Tuesday, September 3, 2013

Module #2 - Distributed Learning Communities

Distributed Learning Communities
You are entering a distributed learning community. Distributed learning environments are often separated by distance.  More importantly, the dynamics of a successful distributed learning community will be on the students. It will emphasize building a community of learners where individuals work collaboratively with their group members rather than competitively. Students can be experts and are acknowledged as such. It is a community where individuals work for the betterment of the group.

A learning community is a group of learners who actively demonstrate 4 characteristics:
    1. Diversity of expertise; 
    2. Shared objective of advancing the collective knowledge;
    3. Learning how to learn; and 
    4. Mechanisms for sharing what is learned.

Dr. Christopher Dede of Harvard University wrote about how distributed learning communities can be supported/enhanced through emerging technologies. Read the following two articles and consider how this model relates to your past and present educational experiences: 
Web 2.0 Tools  

The interactive nature of Web 2.0 tools facilitates interaction between people. The Internet has flattened the playing field between people and nations of the world. No longer is geography a limiting factor for human and professional interaction. X-rays taken in Bangor, Maine, can be read by a doctor in San Diego, California. A customer support call from Las Crusas, New Mexico, is answered by a specialist in Manila, Philippines.

The educational opportunities have been expanded as well. Ninth grade Spanish students in Pleasant Plains, Illinois will practice the language as they Skype with high school English students in Aguas Dulces, Uruguay. A third grade student in Des Moines can work weekly with a tutor in Bangalore, India. Our ethnocentric world will never be the same.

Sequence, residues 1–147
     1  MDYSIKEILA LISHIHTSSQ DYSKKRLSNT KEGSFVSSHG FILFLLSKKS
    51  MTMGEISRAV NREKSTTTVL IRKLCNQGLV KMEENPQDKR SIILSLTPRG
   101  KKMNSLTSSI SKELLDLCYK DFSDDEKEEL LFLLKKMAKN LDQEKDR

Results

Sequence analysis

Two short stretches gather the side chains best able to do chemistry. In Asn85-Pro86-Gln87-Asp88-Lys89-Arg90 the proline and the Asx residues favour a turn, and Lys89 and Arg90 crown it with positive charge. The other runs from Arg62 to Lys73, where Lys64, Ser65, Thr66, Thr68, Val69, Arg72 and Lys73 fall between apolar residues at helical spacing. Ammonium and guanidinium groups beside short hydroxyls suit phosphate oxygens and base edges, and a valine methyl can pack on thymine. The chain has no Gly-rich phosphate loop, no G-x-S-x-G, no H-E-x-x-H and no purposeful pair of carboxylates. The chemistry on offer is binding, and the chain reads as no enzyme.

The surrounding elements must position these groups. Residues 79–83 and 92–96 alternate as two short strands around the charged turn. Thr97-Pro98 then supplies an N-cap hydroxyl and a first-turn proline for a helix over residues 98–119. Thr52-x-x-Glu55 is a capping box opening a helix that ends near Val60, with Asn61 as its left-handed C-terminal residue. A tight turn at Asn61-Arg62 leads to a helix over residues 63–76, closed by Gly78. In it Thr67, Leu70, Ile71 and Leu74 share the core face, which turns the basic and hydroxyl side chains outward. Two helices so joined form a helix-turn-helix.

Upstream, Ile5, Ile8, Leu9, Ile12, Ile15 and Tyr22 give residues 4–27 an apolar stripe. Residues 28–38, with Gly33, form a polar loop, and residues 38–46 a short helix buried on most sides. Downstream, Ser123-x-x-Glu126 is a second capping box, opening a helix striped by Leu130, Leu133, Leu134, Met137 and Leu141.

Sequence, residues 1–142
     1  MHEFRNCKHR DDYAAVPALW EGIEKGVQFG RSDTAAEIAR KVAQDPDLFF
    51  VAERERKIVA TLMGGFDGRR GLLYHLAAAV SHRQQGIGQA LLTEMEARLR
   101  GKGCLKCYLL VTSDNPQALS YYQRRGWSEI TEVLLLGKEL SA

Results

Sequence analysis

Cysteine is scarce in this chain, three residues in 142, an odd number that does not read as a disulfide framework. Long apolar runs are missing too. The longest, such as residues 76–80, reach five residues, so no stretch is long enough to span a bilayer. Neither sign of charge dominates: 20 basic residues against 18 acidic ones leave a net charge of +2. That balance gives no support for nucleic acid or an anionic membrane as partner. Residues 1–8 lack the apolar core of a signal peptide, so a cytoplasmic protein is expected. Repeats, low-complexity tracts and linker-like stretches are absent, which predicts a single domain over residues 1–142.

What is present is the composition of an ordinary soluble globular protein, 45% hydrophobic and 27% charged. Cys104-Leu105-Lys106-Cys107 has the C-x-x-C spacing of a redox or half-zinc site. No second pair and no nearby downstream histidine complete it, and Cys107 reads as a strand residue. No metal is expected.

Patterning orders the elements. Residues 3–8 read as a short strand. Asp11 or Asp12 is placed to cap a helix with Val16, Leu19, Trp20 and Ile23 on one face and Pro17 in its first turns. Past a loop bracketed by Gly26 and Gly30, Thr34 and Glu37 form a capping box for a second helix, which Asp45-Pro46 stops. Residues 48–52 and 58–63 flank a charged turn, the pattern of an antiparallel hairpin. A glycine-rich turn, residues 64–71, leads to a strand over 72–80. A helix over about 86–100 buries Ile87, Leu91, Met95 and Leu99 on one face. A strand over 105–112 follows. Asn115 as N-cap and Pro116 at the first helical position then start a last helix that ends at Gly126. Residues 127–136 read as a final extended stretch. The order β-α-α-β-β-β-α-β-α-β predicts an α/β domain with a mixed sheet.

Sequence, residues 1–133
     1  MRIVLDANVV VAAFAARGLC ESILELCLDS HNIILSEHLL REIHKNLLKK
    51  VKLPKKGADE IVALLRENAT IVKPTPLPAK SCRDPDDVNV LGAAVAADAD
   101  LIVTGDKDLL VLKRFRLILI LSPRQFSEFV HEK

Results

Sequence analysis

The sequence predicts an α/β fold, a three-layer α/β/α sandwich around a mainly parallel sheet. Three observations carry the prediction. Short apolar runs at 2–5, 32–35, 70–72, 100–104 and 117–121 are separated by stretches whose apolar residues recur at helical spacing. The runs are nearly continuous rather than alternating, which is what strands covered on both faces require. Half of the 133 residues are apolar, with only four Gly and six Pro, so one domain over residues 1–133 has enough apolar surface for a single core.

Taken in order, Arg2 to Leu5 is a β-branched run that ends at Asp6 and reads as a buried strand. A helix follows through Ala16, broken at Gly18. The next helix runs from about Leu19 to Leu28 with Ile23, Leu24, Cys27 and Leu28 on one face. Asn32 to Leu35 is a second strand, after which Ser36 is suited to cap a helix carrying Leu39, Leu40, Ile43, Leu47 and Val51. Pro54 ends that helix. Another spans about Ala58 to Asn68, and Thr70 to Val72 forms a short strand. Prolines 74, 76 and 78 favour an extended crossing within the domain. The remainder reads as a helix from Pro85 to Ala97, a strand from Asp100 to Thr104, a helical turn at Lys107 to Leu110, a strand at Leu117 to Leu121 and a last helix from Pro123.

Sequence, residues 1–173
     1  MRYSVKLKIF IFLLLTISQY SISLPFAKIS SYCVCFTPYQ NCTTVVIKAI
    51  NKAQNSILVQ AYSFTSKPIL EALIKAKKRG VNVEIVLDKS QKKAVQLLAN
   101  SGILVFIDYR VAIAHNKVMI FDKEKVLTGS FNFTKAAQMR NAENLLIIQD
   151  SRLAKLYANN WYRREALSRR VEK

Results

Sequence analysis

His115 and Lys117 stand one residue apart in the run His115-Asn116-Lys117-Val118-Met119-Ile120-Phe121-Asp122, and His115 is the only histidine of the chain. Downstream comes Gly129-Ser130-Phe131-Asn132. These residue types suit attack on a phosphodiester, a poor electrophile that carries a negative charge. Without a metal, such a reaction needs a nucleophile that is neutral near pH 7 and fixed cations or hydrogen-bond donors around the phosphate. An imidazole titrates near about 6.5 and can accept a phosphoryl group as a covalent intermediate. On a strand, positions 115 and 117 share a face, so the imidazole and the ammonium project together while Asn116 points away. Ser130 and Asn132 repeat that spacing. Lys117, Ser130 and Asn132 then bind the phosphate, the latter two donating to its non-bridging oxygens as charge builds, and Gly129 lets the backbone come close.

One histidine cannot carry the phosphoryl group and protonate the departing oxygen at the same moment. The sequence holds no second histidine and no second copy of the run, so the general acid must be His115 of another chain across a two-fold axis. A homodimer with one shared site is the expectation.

While you are reading, consider these following points. These questions are similar to the basis for the reflecting you will do in the Discussion section of this module:
    • How is the Distributed Learning Community scenario different from your present/past educational experience.
    • Will these learning environments fit your learning needs? How about those of your present/future students?
    • Consider specific instances that would demonstrate your ideas.
      Communicating through Social Media.
      Social Media is one of the most important emerging technologies today. Not really emerging if you consider how it has taken the world by storm. YouTube and Hulu are becoming replacements for network television. Governments are being overthrown in the middle east by civilians armed with nothing more than Twitter and Facebook. Newspapers are closing down because information is so accessible through blogs and online sources.

      Social media is important in education as well. While the transition seems to be slower than many would like to see, using social media to build connections between teachers, students and the world is happening throughout our schools. 


      Blogging is the tool that has done a great deal to democratize information and communication. No longer do we need to have our own printing press to share our ideas with others. It is as easy as 1-2-3 (see Blogger) to hang out your publishing shingle and get into the business of writing for the public.

      Let's see what a blog is and what it can be:
      Before you can blog, you need to know what composes a blog. You need to have background in reading blogs in your area of interest. You need to see how postings are usually more interesting if they have been well researched and provide a variety of links that will help the reader explore further into the topic. You need to become an active member of the Blogosphere. You will be reading blogs this module and begin to write your own blog in module 2.

      Working with blogs during this course will involve Reading, Commenting, and Writing/Creating. 


      1. Follow at least 2 of these professional blogs over the rest of the semester.